Example: [Healey & Glanvill, 1996]
A friend of a friend worked in a hospice where two elderly bed-ridden men shared a room. One of them had a bed next to a window, and would sit and describe in loving detail to his friend the children playing in the sunshine, the dogs loping in the park and any really nasty street fights. Though he loved the descriptions, the other chap soon became sick with jealousy.
This went on for months, until one night the man by the window suddenly groaned and called to his pal, "Ooh, you've got to ring for help, I don't think I'll last the night." The other fellow reached for the alarm, but then thought, "If he goes, I'll get the bed by the window." So he lay back and ignored the moaning.
Sadly, in the morning staff found the poor old bloke stiff as a board, but they reassured his pal that they'd soon have some more company for him. "I must have the bed next to the window!" he snapped. The nurses explained it would be easier if he stayed put, but he angrily insisted. So they lifted him to the other bed. Expectantly, he levered himself up and peered through the window - to see a solid brick wall.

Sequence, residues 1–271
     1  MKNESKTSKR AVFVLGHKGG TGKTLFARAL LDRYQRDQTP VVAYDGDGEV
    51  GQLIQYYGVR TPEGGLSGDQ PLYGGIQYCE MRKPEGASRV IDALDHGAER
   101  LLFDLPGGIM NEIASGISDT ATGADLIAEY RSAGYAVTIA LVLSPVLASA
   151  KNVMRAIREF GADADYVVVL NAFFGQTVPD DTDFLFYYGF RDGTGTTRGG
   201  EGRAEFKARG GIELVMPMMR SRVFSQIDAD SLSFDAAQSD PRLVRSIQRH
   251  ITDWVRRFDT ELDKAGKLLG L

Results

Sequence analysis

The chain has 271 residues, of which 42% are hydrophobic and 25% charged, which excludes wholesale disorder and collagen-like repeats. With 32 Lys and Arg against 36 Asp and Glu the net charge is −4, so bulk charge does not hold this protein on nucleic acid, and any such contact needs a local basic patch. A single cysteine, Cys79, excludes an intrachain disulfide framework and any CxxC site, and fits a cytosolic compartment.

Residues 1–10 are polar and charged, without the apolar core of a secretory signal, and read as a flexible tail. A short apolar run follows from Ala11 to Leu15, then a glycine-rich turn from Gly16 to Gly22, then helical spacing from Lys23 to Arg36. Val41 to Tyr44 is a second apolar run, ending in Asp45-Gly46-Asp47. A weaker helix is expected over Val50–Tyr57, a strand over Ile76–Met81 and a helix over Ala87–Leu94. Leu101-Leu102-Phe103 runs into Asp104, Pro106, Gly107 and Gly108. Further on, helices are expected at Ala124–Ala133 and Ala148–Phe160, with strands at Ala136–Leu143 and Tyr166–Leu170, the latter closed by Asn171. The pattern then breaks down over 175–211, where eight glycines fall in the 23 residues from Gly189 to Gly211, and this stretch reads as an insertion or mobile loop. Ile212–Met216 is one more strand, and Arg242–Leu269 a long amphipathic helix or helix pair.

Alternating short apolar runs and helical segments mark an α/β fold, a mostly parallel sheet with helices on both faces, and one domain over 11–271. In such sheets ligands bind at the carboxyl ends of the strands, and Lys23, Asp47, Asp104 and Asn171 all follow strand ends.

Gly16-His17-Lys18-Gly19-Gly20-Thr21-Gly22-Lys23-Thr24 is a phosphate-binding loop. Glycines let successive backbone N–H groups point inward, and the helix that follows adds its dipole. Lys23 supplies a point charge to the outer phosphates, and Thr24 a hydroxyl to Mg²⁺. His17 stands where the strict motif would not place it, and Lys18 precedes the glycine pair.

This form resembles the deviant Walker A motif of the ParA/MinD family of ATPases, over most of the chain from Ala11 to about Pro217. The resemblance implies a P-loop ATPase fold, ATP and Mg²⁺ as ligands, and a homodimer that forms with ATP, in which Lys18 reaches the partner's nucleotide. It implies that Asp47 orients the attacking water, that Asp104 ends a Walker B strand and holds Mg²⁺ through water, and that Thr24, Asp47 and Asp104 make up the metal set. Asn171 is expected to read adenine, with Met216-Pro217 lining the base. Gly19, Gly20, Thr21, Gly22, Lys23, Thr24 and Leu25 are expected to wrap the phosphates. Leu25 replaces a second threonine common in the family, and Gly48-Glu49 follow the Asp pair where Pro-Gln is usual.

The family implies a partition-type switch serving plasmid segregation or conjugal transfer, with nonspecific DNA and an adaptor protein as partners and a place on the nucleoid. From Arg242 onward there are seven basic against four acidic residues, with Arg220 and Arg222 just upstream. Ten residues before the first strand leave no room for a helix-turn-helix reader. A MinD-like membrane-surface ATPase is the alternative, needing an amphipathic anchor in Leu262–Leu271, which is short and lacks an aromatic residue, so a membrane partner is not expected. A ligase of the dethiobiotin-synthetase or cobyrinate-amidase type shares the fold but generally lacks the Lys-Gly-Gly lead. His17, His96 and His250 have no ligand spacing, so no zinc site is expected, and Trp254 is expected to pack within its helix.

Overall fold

Origins: The plot of this "legend," originally a short story penned by Allan Seager and published under the title "The Street" in Vanity Fair magazine in
101 Plots Used and Abused summarizes the tale thusly:
For those who might care to read the original version, it was included in Seager's 1950 shory story collection, The Old Man of the Mountain and Seventeen Other Stories.
Barbara "yet another disappointed windows user" Mikkelson
Last updated: 11 March 2007
Healey, Phil and Rick Glanvill. Now! That's What I Call Urban Myths. London: Virgin Books, 1996. ISBN 0-86369-969-3 (pp. 28-29). Young, James. 101 Plots Used and Abused. Boston: The Writer, Inc., 1946 (p. 53)